What Does it Mean to ‘Break the Script?’
Everything is a choice. That’s a weird thing to say, isn’t it? There are hundreds of things that are outside of our control.
We can’t choose where we’re born, or even who we’re born as. Thousands of people can’t choose to no longer be sick, or blind, or paralyzed. We can’t choose to be lucky, we can’t choose what other people think, sometimes we can’t even choose not to play a catchy song over and over in our heads!
But it’s important to remember how much is in our control at any given time. No matter who we are or what challenges we face, the future is a wide open field of opportunities.
We often forget how many choices we have because there is usually a default option. As we grow up people all around us influence our decisions, whether actively or incidentally. Over time these expectations, taboos, obligations, incentives, and laws limit our options, define our choices, and form a pre-written script for each one of us.
We only recognize that the script is there when other people’s lines differ from ours. One woman’s script might tell her to marry young and have many children. Another woman might be expected to earn a Ph.D. before even thinking about dating.
As a middle class American, your script is probably similar to mine. Go to school. Get good grades. Go to the best college that will accept you. Get a job. Buy a car. Get married. Have two and a half kids. Buy a house. Work for 40 years. Retire when you’re 65 (if you retire at all).
Most of us dutifully follow the script most of the time, even when we don’t like it. We just accept that “this is the way things are.”
It’s hard to break the script, but the best we can hope for when we follow the script is to please other people — usually our friends, our parents, and our bosses. The alternative is to live the life we want to live, and to achieve success on our own terms. The script is limiting. The canvas of our opportunities beyond the script is borderless.
One of the most common limitations we face is our finances. When we haven’t saved enough money to realize our dreams or to help us rebound from a failed venture, we have to settle for a conventional life. Ask anyone if they’re doing what truly makes them happy and I bet most of them will say something like “not right now, but this is a good stepping stone to X” or “it’s just temporary until I figure out what I want.”
Ask them why they’re not doing what truly makes them happy right now instead of waiting until later and you’ll get a hundred excuses. Many of them will be monetary. They want to spend more time with their kids but they need to work full time to meet their expenses. They want to start their own business but the risk of failure would cripple their meager savings. They want to travel the world but they have to pay off debt.
These excuses can all be summarized as “I can’t, because…” As David Schwartz writes in The Magic of Thinking Big, when we say “I can’t,” we stop thinking. All it takes to fuel our imagination is to change this phrase to “I can, because…” or at least to ask “how can I?”
When we change our thinking this way, the reality that everything is a choice becomes clear. Every problem has a solution. Every goal requires nothing more than a plan and time. This is especially true for young people, who are rich with the most valuable asset there is.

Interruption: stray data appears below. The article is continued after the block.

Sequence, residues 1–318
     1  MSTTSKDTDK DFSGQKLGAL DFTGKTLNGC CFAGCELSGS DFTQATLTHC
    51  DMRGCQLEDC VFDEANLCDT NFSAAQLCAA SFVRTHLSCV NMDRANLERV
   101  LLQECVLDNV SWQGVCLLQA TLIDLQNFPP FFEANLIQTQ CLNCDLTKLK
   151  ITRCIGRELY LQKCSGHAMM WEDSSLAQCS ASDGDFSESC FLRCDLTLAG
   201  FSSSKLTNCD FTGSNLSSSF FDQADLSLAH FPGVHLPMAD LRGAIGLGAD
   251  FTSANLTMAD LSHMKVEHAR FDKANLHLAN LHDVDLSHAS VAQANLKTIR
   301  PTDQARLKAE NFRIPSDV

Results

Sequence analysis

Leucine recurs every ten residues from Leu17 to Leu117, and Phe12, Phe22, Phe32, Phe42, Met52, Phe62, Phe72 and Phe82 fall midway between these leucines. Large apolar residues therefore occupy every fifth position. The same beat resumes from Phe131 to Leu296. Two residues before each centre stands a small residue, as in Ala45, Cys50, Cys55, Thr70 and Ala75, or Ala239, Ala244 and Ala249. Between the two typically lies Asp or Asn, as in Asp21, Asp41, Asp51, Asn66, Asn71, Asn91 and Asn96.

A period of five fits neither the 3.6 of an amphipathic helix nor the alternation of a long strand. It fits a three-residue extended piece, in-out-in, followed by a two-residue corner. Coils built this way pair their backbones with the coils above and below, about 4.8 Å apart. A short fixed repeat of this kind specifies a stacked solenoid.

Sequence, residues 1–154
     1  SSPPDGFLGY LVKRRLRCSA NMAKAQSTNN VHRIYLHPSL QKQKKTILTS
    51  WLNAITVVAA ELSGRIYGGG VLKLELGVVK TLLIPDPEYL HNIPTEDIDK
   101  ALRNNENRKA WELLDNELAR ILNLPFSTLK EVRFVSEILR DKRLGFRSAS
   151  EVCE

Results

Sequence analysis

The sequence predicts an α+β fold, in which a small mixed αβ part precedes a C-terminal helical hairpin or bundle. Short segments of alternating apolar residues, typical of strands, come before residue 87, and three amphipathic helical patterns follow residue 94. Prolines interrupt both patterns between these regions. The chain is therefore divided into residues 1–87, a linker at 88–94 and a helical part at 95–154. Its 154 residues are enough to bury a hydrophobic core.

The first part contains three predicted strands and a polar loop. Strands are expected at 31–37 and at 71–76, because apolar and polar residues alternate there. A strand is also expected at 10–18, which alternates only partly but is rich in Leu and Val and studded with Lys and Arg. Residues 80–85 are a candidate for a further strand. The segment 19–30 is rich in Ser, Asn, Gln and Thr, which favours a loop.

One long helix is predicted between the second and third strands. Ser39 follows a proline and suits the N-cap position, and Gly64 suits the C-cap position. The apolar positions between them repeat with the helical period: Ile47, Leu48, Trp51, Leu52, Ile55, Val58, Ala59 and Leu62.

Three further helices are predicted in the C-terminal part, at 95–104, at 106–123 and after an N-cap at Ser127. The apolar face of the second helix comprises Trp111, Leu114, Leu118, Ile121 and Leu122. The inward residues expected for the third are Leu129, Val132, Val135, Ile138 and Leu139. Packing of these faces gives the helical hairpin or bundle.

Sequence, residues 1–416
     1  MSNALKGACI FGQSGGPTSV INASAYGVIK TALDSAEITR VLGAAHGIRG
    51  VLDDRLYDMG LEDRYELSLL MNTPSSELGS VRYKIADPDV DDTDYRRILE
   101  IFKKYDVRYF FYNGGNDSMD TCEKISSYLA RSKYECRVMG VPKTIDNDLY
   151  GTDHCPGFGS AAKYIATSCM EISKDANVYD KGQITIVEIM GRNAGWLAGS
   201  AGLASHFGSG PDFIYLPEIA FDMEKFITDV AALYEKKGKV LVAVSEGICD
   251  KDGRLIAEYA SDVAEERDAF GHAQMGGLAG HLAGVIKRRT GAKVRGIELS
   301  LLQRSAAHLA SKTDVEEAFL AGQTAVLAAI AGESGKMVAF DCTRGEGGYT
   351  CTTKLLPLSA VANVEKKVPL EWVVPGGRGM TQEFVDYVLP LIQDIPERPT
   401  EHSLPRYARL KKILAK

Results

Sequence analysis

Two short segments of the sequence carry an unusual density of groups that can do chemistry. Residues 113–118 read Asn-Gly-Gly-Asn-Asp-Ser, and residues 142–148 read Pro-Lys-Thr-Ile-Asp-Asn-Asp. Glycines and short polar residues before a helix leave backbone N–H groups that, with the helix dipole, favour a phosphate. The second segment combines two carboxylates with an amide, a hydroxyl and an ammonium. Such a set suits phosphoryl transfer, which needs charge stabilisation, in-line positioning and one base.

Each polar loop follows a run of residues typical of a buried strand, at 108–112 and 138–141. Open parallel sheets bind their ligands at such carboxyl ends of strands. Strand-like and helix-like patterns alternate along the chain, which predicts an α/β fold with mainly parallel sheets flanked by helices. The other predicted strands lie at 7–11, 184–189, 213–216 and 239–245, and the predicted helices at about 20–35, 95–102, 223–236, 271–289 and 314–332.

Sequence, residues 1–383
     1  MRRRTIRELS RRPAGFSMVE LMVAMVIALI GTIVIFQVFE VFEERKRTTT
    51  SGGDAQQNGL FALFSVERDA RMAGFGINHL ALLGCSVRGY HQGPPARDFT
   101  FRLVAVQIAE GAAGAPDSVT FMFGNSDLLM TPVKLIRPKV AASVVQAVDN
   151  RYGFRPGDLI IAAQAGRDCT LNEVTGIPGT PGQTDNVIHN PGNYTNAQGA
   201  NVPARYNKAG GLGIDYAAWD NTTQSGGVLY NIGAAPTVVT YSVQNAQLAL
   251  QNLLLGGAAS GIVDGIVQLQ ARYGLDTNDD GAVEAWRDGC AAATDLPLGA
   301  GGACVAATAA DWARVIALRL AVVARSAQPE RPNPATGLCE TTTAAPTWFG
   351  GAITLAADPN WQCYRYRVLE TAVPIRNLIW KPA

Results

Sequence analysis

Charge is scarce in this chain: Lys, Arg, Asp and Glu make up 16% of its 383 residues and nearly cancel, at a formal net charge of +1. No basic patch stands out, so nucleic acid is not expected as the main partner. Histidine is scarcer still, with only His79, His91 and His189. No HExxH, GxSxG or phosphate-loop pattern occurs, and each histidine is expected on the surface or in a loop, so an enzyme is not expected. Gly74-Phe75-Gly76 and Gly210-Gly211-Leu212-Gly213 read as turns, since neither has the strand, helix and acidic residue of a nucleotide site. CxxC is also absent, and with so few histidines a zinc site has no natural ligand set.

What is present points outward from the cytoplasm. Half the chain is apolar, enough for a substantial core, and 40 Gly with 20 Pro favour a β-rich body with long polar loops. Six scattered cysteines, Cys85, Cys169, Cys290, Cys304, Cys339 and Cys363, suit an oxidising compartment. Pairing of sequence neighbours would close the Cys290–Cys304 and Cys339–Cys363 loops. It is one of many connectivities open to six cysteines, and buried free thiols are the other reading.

We don’t have to follow the script if we’ve planned for financial freedom. This planning happens every time we make financial decisions, even ones that aren’t obvious. A graduating high school student, instead of loading himself with student debt at a private college, can spend his first two years in community college, get kickass grades, and go to the flagship public university in his state. These days, his major is often more important to his career success than the college he chooses.
A young professional starting a new job can choose to live as close as possible to work instead of living in a bigger apartment far away. Here in greater Washington, DC people often commute across two or more states every day in some of the worst traffic in the country. This choice to live far from work is hugely detrimental to people’s physical, mental, and financial health. But many of us take it for granted.
An engaged couple can choose not to plan the fancy wedding that Disney princess movies prescribe for them. One of the best wedding stories I’ve heard is from a couple who decided to get married at the nearest courthouse and to host a reception at their home. It was raining that day, so they squeezed dozens of their closest friends into their townhouse for the afternoon and partied until late at night. Not only does this showcase the couple’s awesome zen attitude, but they created a lifetime of happy memories for only a few hundred dollars.
When we break the script we often profit in unexpected ways. Default options are often not in our best interest. Common knowledge is often out of date. We learn and grow every time we carefully consider the choices we make, their tradeoffs, and their long-term consequences.
You can break the script if you start planning for it now. You can write your own story and your own rules. I’m betting that as soon as you do so, you’ll never look back. There are too many opportunities out there to explore.
Alejandro is a financial planner with Monte Largo Financial Advisors LLC.